A group of researches from Harvard released the results of their study that shows when we look at problems we’re trying to solve, the smaller the problem gets, the bigger we make it.
The research was led by led by TED-Famous Dan Gilbert and his longtime collaborator Timothy Wilson who have become somewhat gurus on studying how we predict how we might feel in the future, known as affective forecasting.
If you don’t have time to read up on it, we are pretty horrible at predicting how happy our life will be in the future. We underestimate our ability to adapt to “negative” life changes, and we stupidly think winning the lottery will make all life’s problems go away.
In this latest study, they highlight that we are also really bad at knowing when a problem, isn’t a problem anymore.
“When problems become rare, we count more things as problems. Our studies suggest that when the world gets better, we become harsher critics of it, and this can cause us to mistakenly conclude that it hasn’t actually gotten better at all. Progress, it seems, tends to mask itself.” says Gilbert.
And this isn’t just a problem that impacts really big “global” problems. It can even change the way we look at blue dots.
“We had volunteers look at thousands of dots on a computer screen one at a time and decide if each was or was not blue,” Gilbert said. “When we lowered the prevalence of blue dots, and what we found was that our participants began to classify as blue dots they had previously classified as purple.”
In another study, they had people look at people’s faces. They asked people to identify threatening and non-threatening ones. At the start there were lots of threatening faces. Later on, they reduced the number of threatening ones, but people started to identify faces that were nuetral as “threatening”.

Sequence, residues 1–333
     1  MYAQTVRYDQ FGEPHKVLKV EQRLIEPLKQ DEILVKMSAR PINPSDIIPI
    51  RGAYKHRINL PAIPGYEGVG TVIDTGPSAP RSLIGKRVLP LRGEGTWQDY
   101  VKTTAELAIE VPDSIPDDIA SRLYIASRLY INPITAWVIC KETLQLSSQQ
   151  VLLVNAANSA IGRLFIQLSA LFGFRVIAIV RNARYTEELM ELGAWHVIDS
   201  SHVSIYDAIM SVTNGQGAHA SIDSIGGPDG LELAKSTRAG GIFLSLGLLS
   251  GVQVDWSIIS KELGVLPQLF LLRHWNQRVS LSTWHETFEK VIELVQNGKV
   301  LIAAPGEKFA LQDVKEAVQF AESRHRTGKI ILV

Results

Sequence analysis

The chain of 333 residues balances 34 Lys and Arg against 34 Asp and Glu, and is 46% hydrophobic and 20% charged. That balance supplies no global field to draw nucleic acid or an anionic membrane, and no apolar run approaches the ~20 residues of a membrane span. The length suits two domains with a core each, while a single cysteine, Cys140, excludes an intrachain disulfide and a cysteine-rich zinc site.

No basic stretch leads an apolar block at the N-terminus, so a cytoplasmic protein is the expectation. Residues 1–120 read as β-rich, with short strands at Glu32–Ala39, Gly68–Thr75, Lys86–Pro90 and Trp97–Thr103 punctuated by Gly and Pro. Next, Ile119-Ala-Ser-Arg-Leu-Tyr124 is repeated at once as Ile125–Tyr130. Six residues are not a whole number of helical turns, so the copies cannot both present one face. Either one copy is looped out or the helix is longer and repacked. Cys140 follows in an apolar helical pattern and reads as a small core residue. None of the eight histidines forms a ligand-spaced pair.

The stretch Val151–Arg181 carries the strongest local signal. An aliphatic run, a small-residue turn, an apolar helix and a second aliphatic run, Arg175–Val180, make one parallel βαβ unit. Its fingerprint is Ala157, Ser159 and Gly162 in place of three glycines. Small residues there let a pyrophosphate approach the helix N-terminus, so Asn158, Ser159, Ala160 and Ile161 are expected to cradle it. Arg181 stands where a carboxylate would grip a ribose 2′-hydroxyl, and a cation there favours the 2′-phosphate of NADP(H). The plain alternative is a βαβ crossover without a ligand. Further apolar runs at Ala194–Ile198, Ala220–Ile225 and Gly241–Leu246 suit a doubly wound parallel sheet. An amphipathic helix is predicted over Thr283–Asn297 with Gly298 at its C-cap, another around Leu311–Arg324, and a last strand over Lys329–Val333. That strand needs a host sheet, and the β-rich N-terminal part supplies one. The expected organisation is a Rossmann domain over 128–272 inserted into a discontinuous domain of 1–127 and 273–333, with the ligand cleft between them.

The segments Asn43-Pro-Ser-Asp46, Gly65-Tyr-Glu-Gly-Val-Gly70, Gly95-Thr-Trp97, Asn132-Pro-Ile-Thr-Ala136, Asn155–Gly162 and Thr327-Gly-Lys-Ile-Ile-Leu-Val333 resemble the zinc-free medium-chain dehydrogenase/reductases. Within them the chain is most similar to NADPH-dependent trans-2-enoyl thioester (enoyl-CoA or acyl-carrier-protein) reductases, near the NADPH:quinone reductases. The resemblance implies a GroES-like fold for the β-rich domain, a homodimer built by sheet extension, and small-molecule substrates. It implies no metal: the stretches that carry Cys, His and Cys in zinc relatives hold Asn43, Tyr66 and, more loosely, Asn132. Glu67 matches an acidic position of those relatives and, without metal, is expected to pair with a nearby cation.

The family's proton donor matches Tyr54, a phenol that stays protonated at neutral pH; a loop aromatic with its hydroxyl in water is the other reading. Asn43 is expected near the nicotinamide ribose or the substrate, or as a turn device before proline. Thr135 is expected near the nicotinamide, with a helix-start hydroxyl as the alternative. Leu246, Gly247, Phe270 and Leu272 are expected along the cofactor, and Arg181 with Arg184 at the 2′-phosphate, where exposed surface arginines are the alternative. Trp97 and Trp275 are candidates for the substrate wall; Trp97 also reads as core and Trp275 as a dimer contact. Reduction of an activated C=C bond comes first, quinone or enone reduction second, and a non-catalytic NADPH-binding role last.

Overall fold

This phenomenon is called “Prevalence induced concept change” and Gilbert says that even when he tried to tell participants to be aware of it, and pay them to avoid it, they couldn’t.
“Our studies show that people judge each new instance of a concept in the context of the previous instances,” Gilbert said. “So as we reduce the prevalence of a problem, such as discrimination for example, we judge each new behavior in the improved context that we have created.”
While this has far-reaching implications, it could be the key reason why activists in any field so often “don’t know when to quit”.
This perseverance is critical for any “activist” – to continue to struggle against any level of injustice, discrimination, or when it comes to Climate Change, to continue to push for measures such as 100% renewable energy and ever-increasing Climate finance.
However, it also reveals why friends and family of activists might often ask “when are you ever going to be happy?”.
According to “prevalence induced concept change” the answer might be, never.
Take Rotary’s push to “End Polio” or the incredible, ongoing efforts by activists in Costa Rica to ensure that the country ends fossil fuels for good. On both of these issues, many outsiders would consider the problem within the broader, original context, and see the issues as “basically fixed”.
But for activists on the inside, every small rise in Polio (at the moment largely due to insurgency in Nigeria) or slight hesitation to end transport-sector emissions in Costa Rica is met with an incredible sense of critical urgency that most others probably consider “weird”.
Currently Gilbert and Wilson don’t think that being “aware” of this phenomenon will help fix it, and argue that “Anyone whose job involves reducing the prevalence of something should know that it isn’t always easy to tell when their work is done.”
I guess the best we can do for now is empathise with our activist friends. If you have the feeling that their “fight is over”, you might want to avoid the impending argument, pass them a drink and congratulate them on how much they have done so far.